Frank Underhill, “The Cost of Adequate Nutrition,” Yale Review 1, n.s. (1911-12), 261 -273

 

Th          2/7       Feeding the Nation

Reading:  Victory Gardens at the Strawberry Banke Museum (http://www.strawberybanke.org/index.php?option=com_content&view=article&id=74&Itemid=140)

Lunch Hour, New York Public Library Exhibit (http://exhibitions.nypl.org/lunchhour/exhibits/show/lunchhour)

 

T          2/12     Making Modern Food Policy

Reading:  Carolyn Dimitri, Anne Effland, and Neilson Conklin, “The 20th Century Transformation of U.S. Agriculture and Farm Policy,” Economic Information Bulletin Number 3 (2005).

Michael Pollan, “You Are What You Grow.”  (http://michaelpollan.com/articles-archive/you-are-what-you-grow/)

Melissa Mortazavi, “Are Food Subsidies Making Our Kids Fat? Tensions Between the Healthy Hunger-Free Kids Act and the Farm Bill,” Washington and Lee Law Review 68 (2011), 1699-1735.

  

Th        2/14    Food Policy

                                    Meet at Library, Room 1667.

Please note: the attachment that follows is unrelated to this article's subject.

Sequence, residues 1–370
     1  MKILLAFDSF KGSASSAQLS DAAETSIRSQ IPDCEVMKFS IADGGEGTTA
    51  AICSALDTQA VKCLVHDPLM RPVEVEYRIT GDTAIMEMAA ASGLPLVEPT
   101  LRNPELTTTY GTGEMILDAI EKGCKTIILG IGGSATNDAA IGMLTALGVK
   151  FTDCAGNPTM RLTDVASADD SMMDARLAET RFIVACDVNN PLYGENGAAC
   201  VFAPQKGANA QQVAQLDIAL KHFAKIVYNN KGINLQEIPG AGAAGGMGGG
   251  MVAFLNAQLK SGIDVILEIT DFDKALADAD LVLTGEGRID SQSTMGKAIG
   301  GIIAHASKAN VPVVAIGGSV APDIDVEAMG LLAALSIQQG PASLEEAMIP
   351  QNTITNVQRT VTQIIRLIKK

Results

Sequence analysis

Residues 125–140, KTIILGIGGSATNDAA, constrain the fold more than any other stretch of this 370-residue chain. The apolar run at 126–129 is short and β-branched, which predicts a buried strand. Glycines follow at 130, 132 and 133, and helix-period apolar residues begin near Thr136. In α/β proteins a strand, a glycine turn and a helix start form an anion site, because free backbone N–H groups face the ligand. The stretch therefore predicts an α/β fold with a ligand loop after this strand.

T           2/19    No Class: Monday Schedule  

     

Th          2/21    Local Food Systems:  The Amherst Food Coop Challenge

                                    Food Paper Due in Class.

                                    Reading: Adam Trott, “The Story of Collective Copies”

Christopher Gunn, “Co-op Success and Failure: Finance Remains an Issue”

Roderick Hill, “The Case of the Missing Organizations: Co-operatives and the Textbooks,” Journal of Economic Education  (2000), 281-295.

Margaret Lund, Solidarity as a Business Manual:  A Multi-stakeholder Cooperatives Manual (Cooperative Development Center at Kent State, n.d.).

 

T           2/26    Local Food Systems:  The Rise of the Supermarket    

Reading: Tracey Deutsch,  From Wild Animal Stores to Women's Sphere: Supermarkets and Mass Consumption, 1930-1950,” Business and Economic History 28 (1999), 143-153.